G protein coupled receptors (GPCRs) are membrane proteins, which mediate a number of physiological signal transduction processes. Currently, about 60% of known pharmacological targets belong to the GPCR superfamily. Rhodopsin is a member of this super family of receptors, which initiates visual transduction. This signalling process comprises biochemical pathways underlying the complex sensorial phenomenon of vision. Activation of rhodopsin by light is caused by the cis-trans summarisation of its 11-cis-retinal chromophore upon light absorption. This initial ultra fast chemical event promotes a conformational change in rhodopsin, which allows it to bind and to activate a G protein called Gt, or transducin. Activation of Gt, in turn, is followed by a cascade of enzymatic reactions resulting in hyperpolarization of photoreceptor cell membranes. Much attention has been devoted to this activation mechanism, while the inactivation mechanism of photoactivated rhodopsin by phosphorylation by its kinase, GRK-1, is still less understood. In particular, the structural determinants in the cytoplasmic domain of rhodopsin responsible for GRK-1 binding and activation are still not determined in detail; the same is true for the domains and specific amino acid residues of GRK-1 responsible for interaction with and phosphorylation of rhodopsin. Furthermore, kinetic information about the receptor-kinase enzymatic reaction is still lacking. This knowledge is crucial for understanding the rhodopsin inactivation process and the role of the receptor-kinase interactions (as well as other involved key players like Ca2+) in retinal degenerations, particularly Retinitis Pigmentosa. Rhodopsin phosphorylation by its kinase GRK-1 is also a critical step in the desensitization process and plays a role in the fine regulation of the physiological process of light adaptation.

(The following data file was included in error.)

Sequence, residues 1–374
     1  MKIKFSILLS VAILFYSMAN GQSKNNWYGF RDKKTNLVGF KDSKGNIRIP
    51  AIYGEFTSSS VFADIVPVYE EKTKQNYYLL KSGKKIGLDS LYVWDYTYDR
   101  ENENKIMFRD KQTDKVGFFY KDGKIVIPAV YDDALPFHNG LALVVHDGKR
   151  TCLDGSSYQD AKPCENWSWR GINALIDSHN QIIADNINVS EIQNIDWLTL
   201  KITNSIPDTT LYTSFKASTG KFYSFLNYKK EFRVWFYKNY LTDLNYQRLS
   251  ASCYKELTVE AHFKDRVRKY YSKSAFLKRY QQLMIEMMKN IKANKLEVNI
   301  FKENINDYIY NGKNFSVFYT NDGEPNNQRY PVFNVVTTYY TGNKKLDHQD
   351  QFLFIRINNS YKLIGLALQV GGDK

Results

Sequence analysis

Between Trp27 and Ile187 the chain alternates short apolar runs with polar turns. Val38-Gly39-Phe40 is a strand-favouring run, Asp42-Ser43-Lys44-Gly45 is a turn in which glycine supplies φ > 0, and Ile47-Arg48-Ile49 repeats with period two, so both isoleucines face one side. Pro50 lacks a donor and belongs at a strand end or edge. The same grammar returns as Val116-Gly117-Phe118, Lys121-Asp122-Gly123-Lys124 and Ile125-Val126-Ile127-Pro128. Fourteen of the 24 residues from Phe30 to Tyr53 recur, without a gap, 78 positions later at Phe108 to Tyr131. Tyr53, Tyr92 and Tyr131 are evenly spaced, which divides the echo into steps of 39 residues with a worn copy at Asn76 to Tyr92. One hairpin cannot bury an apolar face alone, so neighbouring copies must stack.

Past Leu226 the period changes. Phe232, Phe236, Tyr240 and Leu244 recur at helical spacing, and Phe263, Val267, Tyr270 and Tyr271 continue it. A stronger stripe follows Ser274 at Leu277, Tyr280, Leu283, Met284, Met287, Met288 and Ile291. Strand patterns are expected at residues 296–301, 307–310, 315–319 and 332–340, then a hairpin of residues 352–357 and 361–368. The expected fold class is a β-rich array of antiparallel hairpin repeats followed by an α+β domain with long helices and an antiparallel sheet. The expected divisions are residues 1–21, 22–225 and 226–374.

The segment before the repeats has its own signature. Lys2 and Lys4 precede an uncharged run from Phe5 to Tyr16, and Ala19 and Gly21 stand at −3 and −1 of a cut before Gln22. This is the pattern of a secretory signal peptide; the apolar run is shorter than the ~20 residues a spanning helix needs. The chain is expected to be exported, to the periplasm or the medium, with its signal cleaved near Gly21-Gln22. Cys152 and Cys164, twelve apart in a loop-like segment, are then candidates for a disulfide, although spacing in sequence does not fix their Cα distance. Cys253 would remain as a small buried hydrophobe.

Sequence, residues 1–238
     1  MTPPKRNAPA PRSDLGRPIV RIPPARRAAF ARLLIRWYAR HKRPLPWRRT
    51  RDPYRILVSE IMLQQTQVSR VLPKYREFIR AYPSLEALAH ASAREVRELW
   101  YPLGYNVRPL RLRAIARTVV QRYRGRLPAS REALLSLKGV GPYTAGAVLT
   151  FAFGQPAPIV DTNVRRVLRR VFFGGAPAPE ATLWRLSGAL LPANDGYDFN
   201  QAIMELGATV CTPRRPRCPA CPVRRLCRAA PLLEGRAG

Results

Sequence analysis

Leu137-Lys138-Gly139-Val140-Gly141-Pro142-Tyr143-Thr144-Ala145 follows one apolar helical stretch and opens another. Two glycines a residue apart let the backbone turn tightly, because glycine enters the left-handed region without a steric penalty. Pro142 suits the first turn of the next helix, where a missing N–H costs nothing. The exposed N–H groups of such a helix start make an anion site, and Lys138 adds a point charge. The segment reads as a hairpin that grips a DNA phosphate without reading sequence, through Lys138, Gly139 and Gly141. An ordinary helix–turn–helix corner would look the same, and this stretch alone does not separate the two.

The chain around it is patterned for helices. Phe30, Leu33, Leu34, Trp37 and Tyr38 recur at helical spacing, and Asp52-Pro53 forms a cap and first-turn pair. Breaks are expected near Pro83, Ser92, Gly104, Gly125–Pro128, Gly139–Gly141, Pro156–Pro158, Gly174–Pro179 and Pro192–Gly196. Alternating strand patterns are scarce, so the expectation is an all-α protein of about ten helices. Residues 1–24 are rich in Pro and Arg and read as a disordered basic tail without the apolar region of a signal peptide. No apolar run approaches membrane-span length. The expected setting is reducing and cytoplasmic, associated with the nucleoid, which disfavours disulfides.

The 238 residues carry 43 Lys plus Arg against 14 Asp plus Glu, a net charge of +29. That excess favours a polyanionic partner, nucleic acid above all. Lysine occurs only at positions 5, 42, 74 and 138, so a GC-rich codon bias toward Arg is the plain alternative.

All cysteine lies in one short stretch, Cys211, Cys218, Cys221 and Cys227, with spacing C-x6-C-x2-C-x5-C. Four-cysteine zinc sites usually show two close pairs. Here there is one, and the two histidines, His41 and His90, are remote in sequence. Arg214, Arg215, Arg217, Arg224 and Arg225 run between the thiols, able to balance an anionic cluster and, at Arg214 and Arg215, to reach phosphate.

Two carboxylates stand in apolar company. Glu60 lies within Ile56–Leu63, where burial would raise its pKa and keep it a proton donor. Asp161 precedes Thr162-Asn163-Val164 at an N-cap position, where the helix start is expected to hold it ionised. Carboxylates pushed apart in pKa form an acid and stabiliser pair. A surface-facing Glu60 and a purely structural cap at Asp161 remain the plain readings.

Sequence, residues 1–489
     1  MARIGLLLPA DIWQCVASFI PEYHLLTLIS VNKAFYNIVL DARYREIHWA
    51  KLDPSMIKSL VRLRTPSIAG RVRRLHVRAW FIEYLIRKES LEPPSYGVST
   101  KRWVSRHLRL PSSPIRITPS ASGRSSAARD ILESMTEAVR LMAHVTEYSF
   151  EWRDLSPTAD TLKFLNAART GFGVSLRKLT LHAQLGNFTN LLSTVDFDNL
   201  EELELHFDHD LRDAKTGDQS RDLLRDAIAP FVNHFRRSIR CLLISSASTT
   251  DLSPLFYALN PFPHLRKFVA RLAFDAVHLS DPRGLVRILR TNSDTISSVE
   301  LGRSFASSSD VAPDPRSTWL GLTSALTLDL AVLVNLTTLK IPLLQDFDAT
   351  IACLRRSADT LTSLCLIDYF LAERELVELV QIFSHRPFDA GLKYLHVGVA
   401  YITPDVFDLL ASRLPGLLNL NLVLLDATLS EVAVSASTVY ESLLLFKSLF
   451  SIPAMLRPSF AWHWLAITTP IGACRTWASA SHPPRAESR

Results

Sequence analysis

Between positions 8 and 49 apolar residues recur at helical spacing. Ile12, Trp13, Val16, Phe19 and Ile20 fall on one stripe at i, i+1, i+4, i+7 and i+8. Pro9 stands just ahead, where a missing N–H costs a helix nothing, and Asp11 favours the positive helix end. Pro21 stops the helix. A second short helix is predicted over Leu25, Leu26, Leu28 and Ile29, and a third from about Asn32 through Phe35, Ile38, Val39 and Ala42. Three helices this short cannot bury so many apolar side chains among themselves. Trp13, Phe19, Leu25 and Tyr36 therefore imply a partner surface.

In the present project, key amino acid residues and structural elements in the cytoplasmic regions of rhodopsin (including membrane boundaries) crucial for rhodopsin phosphorylation by and interaction with GRK-1 will be elucidated. To this aim, rhodopsin mutants, including those related to the retinal degenerative disease Retinitis Pigmentosa, in these domains would be produced. The rhodopsin mutants will be structurally and biochemically characterized, and the levels of their phosphorylation by GRK-1 will be compared to reveal amino acid residues in rhodopsin crucial for its recognition by GRK-1. The phenomenon of constitutive phosphorylation of rhodopsin will also be investigated. This will be followed by a detailed study of the different kinetic parameters, with the aim to obtain a complete mechanistic description of the receptor-kinase interaction (both binding and dissociation), will be undertaken. This will be done using a novel spectroscopic technique, surface plasmon resonance spectroscopy (SPR-spectroscopy). In these experiments, both non-phosphorylated and phosphorylated rhodopsin of a wild type.